CDC releases detailed guidelines for reopening America

The Centers for Disease Control and Prevention (CDC) has released detailed guidelines — in the form of a 60-page document — for reopening schools, mass transit, and businesses that had been shut down in an attempt to flatten the curve of the spread of the coronavirus in the United States.

CDC releases detailed guidelines for reopening America

Berkeley Lovelace Jr. for CNBC:

The plan outlines a “three-phased approach” for reducing social distancing and proposes the use of six “gating” indicators to assess when to move through another phase. The gating indicators include decreases in newly reported COVID-19 cases and emergency room visits as well as a “robust” testing program.

“While some communities will progress sequentially through the reopening phases, there is the possibility of recrudescence in some areas,” the CDC wrote in its guidance. “Given the potential for a rebound in the number of cases or level of community transmission, a low threshold for reinstating more stringent mitigation standards will be essential.”

The agency said some amount of community mitigation will be necessary until a vaccine or effective treatment for COVID-19 is widely available.

Last month, President Donald Trump unveiled an 18-page plan for “Opening Up America Again,” also laying out three phases to incrementally loosen restrictions on businesses and individuals.

MacDailyNews Note: Read the CDC’s guidelines below:

Read President Trump’s guidelines below:


  1. Releasing the guidelines now may be useful, but not as much as if they had been released when they were written six to eight weeks ago, before each of the 50 states was forced to develop their own policies without national coordination or guidance. When you are dealing with something that will grow exponentially without mitigation, how to mitigate is absolutely crucial and any delay costs lives.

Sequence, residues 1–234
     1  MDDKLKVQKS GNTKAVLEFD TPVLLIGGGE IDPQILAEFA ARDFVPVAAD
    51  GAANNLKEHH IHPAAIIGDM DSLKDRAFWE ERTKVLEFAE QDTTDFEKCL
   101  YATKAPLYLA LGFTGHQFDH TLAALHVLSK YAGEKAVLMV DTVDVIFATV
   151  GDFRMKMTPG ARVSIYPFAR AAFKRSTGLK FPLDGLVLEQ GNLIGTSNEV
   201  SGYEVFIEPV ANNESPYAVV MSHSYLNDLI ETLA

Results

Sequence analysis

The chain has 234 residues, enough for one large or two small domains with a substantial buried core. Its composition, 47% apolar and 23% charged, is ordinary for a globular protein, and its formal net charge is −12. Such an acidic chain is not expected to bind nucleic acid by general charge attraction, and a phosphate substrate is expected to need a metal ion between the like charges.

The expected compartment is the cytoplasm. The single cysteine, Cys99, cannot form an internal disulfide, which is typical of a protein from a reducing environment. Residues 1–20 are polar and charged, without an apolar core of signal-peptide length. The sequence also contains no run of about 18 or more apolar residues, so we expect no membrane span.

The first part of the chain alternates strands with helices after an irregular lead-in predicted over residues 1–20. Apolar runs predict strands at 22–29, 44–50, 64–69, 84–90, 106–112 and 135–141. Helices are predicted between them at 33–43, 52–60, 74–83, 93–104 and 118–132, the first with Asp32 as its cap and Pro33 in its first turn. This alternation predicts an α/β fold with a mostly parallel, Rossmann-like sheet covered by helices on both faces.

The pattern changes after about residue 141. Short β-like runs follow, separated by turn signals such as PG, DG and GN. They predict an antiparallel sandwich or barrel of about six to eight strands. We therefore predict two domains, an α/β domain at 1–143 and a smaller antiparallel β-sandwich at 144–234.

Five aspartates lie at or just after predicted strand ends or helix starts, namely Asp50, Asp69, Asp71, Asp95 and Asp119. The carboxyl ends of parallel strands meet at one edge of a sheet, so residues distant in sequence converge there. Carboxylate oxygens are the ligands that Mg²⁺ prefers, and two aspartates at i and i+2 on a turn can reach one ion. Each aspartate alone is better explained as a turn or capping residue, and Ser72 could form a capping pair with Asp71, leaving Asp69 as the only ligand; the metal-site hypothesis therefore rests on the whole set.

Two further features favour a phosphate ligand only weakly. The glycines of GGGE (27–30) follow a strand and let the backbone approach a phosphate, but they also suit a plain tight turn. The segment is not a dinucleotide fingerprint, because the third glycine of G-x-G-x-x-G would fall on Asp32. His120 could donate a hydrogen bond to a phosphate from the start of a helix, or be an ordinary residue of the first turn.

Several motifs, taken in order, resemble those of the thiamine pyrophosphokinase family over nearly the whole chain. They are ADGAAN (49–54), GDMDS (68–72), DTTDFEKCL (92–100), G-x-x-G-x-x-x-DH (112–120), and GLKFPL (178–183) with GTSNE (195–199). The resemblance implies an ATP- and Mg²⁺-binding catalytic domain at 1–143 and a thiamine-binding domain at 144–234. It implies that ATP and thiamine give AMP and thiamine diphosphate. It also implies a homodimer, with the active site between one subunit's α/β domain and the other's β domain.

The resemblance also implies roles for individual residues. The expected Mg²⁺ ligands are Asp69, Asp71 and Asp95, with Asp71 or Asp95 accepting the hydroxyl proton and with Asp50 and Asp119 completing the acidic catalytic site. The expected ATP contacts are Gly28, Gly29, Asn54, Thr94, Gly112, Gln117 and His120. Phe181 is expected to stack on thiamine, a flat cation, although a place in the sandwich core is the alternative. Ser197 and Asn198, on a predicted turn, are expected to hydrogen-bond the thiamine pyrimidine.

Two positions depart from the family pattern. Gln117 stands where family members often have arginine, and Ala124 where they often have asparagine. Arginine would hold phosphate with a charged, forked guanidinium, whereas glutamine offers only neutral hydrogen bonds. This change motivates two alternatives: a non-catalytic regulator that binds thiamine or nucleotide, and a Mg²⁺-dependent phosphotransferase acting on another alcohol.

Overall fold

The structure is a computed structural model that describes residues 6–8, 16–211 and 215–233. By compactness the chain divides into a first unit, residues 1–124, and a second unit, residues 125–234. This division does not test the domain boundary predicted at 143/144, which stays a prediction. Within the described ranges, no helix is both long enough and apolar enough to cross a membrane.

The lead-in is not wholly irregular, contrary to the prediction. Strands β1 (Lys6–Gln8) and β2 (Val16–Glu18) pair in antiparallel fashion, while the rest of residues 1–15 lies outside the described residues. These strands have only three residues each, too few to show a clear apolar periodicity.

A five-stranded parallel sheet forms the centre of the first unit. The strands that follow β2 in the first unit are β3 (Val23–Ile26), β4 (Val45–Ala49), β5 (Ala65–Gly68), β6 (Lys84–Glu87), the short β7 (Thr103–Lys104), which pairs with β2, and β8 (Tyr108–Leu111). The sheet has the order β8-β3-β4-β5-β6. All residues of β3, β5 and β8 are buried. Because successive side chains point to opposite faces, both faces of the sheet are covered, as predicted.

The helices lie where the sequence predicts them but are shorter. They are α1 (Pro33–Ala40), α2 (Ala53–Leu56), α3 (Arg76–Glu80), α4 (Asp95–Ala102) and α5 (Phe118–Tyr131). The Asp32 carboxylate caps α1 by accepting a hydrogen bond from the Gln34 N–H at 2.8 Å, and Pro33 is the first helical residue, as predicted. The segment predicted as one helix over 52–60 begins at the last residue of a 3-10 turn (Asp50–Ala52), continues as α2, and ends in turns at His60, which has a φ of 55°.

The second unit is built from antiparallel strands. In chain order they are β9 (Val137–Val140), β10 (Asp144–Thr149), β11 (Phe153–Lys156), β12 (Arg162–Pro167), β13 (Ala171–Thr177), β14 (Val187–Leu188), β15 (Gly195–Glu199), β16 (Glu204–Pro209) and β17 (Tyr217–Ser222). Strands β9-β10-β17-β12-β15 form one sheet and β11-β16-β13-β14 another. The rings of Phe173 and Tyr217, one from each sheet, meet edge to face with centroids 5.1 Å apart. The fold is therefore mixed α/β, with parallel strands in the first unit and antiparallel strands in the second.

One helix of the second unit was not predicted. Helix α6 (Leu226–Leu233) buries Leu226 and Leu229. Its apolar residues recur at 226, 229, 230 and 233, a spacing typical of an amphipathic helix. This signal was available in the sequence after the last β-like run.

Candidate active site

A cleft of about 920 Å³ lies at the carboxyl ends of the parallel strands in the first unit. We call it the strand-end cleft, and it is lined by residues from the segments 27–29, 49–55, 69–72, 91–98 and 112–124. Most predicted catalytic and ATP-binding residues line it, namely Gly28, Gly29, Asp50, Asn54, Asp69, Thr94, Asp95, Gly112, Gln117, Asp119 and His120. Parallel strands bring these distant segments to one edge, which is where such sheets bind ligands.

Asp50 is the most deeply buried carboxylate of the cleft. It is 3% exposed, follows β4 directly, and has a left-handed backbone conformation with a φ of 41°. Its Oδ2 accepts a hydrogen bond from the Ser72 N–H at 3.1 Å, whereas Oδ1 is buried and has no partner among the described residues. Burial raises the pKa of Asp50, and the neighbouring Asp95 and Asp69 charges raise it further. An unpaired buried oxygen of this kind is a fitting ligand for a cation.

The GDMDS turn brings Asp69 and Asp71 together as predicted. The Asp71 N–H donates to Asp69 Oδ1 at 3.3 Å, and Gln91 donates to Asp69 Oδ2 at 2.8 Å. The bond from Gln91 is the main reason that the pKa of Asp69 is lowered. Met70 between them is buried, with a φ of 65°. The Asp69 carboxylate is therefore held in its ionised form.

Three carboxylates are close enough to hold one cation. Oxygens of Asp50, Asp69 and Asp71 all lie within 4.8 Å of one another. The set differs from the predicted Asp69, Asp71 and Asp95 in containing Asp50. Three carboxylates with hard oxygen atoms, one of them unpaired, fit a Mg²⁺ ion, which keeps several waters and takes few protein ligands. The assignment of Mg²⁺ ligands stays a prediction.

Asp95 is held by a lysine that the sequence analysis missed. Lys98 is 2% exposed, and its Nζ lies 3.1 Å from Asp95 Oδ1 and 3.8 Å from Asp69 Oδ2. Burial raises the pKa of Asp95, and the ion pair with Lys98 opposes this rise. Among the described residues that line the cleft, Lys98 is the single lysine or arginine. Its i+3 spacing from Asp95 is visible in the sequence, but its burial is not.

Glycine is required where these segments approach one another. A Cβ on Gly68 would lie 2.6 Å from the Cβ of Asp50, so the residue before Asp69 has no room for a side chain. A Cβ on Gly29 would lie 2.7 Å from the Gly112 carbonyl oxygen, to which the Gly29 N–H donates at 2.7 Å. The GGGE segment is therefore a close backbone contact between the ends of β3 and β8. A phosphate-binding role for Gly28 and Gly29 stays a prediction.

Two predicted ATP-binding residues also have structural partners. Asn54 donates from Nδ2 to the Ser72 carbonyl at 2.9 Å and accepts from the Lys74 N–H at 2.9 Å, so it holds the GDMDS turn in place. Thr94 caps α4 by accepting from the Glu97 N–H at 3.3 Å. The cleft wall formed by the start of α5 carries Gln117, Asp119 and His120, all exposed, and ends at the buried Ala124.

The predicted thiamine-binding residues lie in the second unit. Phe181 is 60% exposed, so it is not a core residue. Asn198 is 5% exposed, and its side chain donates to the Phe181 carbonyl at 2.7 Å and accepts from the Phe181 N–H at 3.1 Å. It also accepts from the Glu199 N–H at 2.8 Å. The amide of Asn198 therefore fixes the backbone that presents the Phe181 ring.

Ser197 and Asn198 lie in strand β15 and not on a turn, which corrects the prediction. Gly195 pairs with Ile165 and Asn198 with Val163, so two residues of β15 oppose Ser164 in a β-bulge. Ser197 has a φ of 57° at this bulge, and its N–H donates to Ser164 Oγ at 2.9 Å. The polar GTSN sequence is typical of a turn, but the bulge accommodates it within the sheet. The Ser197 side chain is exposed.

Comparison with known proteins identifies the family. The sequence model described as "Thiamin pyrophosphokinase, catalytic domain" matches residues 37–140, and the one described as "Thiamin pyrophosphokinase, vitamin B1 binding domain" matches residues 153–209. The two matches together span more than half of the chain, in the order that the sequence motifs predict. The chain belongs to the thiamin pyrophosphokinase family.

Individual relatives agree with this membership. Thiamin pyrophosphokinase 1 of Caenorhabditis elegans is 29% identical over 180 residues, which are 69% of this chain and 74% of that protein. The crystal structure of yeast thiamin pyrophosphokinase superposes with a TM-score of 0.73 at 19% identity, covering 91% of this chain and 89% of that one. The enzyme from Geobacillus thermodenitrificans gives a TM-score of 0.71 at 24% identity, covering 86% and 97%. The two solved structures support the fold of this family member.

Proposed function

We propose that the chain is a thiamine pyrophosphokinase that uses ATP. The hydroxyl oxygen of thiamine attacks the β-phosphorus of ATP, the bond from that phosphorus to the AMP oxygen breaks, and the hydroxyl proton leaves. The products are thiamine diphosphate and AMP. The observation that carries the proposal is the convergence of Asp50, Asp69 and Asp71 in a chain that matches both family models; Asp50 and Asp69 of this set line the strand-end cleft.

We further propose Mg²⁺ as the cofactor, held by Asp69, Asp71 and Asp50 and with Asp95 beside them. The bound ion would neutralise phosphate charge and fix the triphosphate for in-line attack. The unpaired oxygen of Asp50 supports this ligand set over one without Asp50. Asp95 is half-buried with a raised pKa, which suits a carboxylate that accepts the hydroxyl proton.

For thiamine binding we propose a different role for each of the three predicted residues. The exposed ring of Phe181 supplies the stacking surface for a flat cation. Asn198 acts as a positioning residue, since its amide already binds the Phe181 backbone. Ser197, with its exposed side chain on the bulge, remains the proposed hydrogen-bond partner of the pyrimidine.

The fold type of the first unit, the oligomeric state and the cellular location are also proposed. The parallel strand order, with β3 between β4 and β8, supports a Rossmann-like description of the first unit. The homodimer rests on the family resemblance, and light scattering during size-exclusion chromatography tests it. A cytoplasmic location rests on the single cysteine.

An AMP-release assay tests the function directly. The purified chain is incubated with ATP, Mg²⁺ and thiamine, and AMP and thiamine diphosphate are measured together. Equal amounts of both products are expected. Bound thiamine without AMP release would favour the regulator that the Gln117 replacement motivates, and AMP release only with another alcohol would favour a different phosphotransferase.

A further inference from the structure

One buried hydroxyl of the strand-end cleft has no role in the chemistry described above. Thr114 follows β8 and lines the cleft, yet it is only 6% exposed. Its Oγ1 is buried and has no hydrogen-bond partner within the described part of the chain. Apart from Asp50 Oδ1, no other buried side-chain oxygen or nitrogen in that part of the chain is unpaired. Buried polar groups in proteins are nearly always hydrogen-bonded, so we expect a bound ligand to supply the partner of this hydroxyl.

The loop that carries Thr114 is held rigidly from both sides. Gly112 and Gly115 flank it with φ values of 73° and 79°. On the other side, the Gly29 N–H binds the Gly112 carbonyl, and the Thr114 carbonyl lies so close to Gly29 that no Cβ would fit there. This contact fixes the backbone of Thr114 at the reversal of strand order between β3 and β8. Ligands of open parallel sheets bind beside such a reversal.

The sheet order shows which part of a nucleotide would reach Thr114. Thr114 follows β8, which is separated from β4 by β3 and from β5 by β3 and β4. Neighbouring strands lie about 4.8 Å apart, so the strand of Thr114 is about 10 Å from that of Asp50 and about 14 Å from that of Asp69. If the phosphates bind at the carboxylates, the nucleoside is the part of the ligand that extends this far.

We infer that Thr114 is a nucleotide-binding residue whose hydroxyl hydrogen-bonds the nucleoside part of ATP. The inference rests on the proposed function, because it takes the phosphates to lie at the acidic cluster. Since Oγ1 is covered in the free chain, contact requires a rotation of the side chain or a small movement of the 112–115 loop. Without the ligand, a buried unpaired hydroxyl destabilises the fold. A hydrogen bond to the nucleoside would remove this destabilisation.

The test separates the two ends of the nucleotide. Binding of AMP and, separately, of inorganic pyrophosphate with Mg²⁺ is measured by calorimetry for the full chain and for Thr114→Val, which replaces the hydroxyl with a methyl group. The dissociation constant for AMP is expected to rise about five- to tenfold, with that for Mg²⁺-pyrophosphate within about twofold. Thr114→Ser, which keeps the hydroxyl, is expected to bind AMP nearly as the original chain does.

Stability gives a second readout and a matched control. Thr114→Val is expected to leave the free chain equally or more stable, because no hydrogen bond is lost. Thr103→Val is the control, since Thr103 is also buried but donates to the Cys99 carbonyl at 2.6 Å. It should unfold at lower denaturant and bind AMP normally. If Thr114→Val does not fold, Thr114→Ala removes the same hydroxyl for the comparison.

2. Recently I’ve noticed the term “…a vaccine or effective treatment” rather than vaccine is being used worldwide as a positive outcome for the virus.

    Likewise there is in an increasing focus on treatment of the virus rather than eradication as a viral outcome. My point is don’t hold your breath for a vaccine anytime soon rather, it is anti-retroviral outcomes that hold the promise of being applied in the near term.

    If you want to eradicate the virus you’ll need 7.4 billion doses otherwise it may mutate but if you want to control the virus then anti-retroviral applications are only needed in extreme medical situations, that is on needs basis.

    With a vaccine you basically have to start from scratch whereas many anti-retrovirals are pre-existing drugs which quite often have already been tested and we know what the side effects are. A pre-existing drug or a combination of these drugs are easier to apply than developing a brand new vaccine (the silver bullet).

  3. Good luck U.S.! You’ve already got about 29% of the world’s COVID deaths with only 4.25% of the world’s population, so I hope it doesn’t get worse. Fingers crossed for you.